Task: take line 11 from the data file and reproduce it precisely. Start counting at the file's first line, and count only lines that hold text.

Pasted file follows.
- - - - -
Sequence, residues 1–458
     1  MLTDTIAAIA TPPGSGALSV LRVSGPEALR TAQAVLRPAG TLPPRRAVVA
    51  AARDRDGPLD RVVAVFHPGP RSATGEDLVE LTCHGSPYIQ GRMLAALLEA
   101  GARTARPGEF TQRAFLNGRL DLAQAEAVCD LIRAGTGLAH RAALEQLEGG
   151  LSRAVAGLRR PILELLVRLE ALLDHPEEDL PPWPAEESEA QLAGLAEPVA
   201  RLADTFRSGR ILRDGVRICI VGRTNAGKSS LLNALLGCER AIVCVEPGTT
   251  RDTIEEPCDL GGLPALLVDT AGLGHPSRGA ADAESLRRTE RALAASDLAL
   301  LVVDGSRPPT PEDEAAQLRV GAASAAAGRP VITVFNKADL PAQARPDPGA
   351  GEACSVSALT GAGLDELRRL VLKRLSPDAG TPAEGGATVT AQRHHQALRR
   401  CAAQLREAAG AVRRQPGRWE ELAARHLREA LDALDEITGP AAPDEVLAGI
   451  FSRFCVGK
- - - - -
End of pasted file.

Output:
   451  FSRFCVGK